Do you remember the jokes about Sarah Palin?
And about George W Bush?
And about Ronald Reagan?
Turns out it ain't nothing new… The first sentence in the John Lewis Gaddis book review of Jean Edward Smith's Eisenhower in War and Peace says it all:
Dwight D. Eisenhower’s memoirs came out while I was in graduate school in the 1960s, and one of my professors commented — not entirely facetiously — that he’d been surprised to see print on the pages. My fellow students and I were being taught that despite Eisenhower’s victories in World War II, the presidency had been beyond his capabilities.He would have been "been surprised to see print on the pages" of Ike's memoirs! Remember that oh-so-hilarious joke about Sarah Palin:
"Sarah Palin's bookcase caught fire, and none of the books could be saved. Both were destroyed. And one of them she hadn't even finished coloring!"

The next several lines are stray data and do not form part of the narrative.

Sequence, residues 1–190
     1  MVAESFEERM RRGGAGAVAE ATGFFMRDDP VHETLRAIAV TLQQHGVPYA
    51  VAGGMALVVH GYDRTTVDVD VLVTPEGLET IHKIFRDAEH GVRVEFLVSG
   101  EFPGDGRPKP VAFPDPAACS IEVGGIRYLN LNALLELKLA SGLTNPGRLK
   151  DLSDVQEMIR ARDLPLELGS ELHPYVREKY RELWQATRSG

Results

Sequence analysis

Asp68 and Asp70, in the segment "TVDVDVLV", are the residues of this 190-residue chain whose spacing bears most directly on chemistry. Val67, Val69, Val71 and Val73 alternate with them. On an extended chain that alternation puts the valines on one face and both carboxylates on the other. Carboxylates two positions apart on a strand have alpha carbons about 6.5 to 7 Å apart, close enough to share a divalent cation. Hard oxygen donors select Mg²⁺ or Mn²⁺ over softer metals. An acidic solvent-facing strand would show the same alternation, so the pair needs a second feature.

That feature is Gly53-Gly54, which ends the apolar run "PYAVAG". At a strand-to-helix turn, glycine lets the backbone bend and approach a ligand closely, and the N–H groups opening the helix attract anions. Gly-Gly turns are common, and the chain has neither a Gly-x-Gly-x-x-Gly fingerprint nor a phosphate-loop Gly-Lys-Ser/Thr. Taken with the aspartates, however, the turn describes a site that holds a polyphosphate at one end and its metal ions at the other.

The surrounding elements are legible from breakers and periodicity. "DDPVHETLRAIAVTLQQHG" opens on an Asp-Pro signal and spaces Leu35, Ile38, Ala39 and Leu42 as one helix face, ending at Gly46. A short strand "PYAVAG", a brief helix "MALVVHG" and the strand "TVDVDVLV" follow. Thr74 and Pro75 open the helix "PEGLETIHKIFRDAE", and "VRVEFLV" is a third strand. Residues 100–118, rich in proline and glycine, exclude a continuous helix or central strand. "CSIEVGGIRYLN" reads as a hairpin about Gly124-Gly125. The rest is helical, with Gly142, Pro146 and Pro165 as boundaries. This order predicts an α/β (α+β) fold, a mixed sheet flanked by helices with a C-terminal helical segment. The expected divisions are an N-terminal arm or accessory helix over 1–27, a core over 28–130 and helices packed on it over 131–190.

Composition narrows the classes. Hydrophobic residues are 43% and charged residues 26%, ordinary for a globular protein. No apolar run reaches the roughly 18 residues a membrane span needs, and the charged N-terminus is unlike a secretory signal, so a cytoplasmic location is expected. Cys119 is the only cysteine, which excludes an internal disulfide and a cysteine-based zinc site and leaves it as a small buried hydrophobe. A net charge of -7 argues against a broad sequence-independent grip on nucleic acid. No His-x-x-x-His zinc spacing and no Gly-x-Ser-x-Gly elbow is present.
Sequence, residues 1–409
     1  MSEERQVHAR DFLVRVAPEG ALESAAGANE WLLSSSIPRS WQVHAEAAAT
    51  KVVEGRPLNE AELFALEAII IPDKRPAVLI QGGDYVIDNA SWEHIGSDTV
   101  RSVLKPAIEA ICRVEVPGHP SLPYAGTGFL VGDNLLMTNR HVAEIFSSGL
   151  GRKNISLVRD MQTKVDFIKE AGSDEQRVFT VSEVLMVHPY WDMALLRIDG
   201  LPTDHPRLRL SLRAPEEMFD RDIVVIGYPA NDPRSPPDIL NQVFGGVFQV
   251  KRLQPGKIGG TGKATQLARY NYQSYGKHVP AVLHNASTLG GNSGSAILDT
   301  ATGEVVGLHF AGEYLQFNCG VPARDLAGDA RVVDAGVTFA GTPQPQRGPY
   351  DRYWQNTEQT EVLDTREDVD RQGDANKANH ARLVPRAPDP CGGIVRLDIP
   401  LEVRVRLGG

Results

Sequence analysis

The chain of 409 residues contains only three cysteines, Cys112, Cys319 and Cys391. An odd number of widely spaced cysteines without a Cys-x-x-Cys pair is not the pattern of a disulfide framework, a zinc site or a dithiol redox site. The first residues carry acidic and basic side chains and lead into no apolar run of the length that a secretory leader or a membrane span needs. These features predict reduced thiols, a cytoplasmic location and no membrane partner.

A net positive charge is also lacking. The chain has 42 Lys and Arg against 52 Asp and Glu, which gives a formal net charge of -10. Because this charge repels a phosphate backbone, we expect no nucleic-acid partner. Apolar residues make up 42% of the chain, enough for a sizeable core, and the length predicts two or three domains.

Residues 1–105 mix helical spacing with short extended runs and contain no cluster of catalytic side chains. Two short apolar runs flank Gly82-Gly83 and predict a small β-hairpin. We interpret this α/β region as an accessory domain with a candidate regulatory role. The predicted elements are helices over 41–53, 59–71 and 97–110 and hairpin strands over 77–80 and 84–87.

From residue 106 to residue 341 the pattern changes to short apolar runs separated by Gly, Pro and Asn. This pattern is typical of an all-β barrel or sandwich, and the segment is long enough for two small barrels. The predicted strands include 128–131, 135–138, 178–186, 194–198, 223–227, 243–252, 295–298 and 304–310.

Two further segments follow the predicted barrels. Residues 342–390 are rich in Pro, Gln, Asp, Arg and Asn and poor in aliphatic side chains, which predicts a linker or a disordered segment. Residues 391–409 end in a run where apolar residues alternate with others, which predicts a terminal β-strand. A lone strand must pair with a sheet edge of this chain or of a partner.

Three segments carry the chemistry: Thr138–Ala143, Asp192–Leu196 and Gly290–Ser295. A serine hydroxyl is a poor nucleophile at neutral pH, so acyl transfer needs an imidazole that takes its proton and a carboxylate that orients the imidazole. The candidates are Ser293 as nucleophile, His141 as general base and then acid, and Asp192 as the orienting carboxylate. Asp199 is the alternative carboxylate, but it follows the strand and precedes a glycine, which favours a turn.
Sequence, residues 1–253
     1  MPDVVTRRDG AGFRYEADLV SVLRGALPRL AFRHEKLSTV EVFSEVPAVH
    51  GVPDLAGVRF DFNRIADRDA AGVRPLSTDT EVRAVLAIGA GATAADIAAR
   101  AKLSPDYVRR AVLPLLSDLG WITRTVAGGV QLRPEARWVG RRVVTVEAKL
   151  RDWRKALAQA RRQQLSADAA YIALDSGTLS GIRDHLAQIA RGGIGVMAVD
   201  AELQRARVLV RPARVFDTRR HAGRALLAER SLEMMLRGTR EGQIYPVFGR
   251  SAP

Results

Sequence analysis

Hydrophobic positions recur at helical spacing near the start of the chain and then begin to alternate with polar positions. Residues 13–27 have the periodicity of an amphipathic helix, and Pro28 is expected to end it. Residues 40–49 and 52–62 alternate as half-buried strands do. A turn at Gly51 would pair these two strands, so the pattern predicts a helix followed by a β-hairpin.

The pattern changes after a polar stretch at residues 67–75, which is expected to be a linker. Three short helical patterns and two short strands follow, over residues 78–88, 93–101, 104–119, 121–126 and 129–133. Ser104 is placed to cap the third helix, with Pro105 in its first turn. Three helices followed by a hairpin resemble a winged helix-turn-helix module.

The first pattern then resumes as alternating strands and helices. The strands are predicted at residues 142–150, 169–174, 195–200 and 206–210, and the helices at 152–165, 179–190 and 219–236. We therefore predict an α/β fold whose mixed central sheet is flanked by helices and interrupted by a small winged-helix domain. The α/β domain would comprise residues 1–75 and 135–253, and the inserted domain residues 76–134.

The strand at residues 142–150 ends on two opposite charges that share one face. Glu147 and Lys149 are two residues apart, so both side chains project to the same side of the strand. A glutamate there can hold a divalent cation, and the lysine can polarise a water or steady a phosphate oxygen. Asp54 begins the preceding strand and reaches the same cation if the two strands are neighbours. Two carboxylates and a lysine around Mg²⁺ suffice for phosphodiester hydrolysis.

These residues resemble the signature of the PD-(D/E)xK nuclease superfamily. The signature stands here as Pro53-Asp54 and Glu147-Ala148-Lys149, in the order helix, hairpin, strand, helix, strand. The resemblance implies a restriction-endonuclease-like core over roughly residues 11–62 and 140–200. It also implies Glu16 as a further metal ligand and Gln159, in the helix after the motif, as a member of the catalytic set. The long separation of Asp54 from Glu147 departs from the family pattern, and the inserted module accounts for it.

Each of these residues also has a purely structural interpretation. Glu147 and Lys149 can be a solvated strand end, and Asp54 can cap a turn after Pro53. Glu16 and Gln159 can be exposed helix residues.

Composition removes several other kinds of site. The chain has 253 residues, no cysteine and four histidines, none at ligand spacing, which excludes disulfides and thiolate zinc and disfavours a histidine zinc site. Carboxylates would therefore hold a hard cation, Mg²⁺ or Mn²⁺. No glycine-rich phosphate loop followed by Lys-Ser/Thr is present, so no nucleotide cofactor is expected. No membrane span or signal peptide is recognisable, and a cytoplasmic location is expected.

Before Palin, it was told about Dubya, before Dubya it was told about Reagan, before…
Listen, I'll grant you this about the joke: it's not unfunny, far from it, and it is a two-fer that is an improvement on the Eisenhower crack, but it is hardly that original, and it turns out that it reflects less as a fair description of the subject than on the mental process of the (holier-than-thou, smarter-than-thou) leftist telling it.